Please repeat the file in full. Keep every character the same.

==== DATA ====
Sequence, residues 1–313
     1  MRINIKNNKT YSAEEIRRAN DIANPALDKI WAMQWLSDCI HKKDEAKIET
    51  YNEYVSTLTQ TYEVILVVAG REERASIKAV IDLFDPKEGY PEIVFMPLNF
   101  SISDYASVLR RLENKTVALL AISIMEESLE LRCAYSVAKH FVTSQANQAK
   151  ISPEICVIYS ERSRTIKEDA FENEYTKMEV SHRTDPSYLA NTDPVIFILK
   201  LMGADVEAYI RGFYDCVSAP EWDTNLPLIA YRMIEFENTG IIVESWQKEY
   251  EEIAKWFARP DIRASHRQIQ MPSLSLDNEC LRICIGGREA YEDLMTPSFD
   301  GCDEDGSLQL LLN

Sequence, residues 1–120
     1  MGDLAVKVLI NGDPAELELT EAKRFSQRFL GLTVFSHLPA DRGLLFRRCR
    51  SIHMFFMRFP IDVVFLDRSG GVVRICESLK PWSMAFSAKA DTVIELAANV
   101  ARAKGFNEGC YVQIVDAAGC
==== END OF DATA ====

Sequence, residues 1–313
     1  MRINIKNNKT YSAEEIRRAN DIANPALDKI WAMQWLSDCI HKKDEAKIET
    51  YNEYVSTLTQ TYEVILVVAG REERASIKAV IDLFDPKEGY PEIVFMPLNF
   101  SISDYASVLR RLENKTVALL AISIMEESLE LRCAYSVAKH FVTSQANQAK
   151  ISPEICVIYS ERSRTIKEDA FENEYTKMEV SHRTDPSYLA NTDPVIFILK
   201  LMGADVEAYI RGFYDCVSAP EWDTNLPLIA YRMIEFENTG IIVESWQKEY
   251  EEIAKWFARP DIRASHRQIQ MPSLSLDNEC LRICIGGREA YEDLMTPSFD
   301  GCDEDGSLQL LLN

Sequence, residues 1–120
     1  MGDLAVKVLI NGDPAELELT EAKRFSQRFL GLTVFSHLPA DRGLLFRRCR
    51  SIHMFFMRFP IDVVFLDRSG GVVRICESLK PWSMAFSAKA DTVIELAANV
   101  ARAKGFNEGC YVQIVDAAGC